Improved detection and Coulomb stress computations for gas-related, shallow seismicity, in the Western Sea of Marmara
|Author(s)||Tary Jean-Baptiste1, Géli Louis2, Lomax Anthony3, Batsi Evangelia2, Riboulot Vincent2, Henry Pierre4|
|Affiliation(s)||1 : Departamento de Geociencias, Universidad de los Andes, Bogotá, Colombia
2 : Institut Français de Recherche pour l'Exploitation de la Mer (IFREMER), Marine Geosciences Research Unit, BP 70, 29280 Plouzané, France
3 : ALomax Scientific, 320 Chemin des Indes, 06370, Mouans Sartoux, France
4 : Aix Marseille University, CNRS, IRD, INRA, Collège de France, CEREGE, Aix-en-Provence, France
|Source||Earth And Planetary Science Letters (0012-821X) (Elsevier BV), 2019-05 , Vol. 513 , P. 113-123|
|Keyword(s)||shallow seismicity, triggering, stress transfer, North Anatolian Fault, Sea of Marmara|
The Sea of Marmara (SoM) is a marine portion of the North Anatolian Fault (NAF) and a portion of this fault that did not break during its 20th century earthquake sequence. The NAF in the SoM is characterized by both significant seismic activity and widespread fluid manifestations. These fluids have both shallow and deep origins in different parts of the SoM and are often associated with the trace of the NAF which seems to act as a conduit. On July 25th, 2011, a
5 strike-slip earthquake occurred at a depth of about 11.5 km, triggering clusters of seismicity mostly located at depths shallower than 5 km, from less than a few minutes up to more than 6 days after the mainshock. To investigate the triggering of these clusters we first employ a match filter algorithm to increase the number of event located and hence better identify potential spatio-temporal patterns. This leads to a 2-fold increase in number of events relocated, coming mostly from the shallow seismic clusters. The newly detected events confirm that most of the aftershocks are shallow, with a large number of events located in the first few km below the SoM seafloor.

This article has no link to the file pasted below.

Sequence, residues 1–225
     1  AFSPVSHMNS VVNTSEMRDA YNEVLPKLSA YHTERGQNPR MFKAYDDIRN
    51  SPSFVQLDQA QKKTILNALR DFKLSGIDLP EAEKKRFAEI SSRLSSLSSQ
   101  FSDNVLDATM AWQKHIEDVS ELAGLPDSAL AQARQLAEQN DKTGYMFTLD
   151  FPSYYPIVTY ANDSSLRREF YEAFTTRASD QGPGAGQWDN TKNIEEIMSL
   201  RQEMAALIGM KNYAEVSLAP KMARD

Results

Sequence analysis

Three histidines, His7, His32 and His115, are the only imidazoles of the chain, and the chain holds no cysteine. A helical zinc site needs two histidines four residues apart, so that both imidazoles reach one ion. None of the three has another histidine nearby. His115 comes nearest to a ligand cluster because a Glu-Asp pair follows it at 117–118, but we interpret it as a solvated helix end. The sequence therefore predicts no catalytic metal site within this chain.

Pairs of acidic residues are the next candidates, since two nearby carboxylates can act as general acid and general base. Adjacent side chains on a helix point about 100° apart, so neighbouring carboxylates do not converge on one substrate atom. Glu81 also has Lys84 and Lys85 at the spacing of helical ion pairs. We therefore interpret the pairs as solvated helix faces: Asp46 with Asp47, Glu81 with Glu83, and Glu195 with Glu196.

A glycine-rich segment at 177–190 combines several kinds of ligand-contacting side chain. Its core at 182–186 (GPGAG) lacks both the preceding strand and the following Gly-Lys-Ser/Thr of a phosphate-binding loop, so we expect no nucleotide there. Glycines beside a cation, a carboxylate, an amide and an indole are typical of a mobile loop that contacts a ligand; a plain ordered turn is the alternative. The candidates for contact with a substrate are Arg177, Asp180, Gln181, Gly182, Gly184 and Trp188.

Pore pressure diffusion from the position of the deep mainshock to the position of the shallow events is incompatible with the short time interval observed between them. We therefore investigate static and dynamic stress triggering processes. The shallow clusters fall into either positive or negative lobes with static stress variations of about ±5 kPa. Dynamic stresses may reach values of about ±40 kPa depending on the rise time and the fault orientation considered, but cannot last longer than the perturbations associated with the seismic waves from the mainshock. We then propose a mechanism of fluid pressure increase involving local fluid transfers driven by the transient opening of gas-filled fractures due to earthquake shaking, to explain the triggering of the shallow events of the clusters.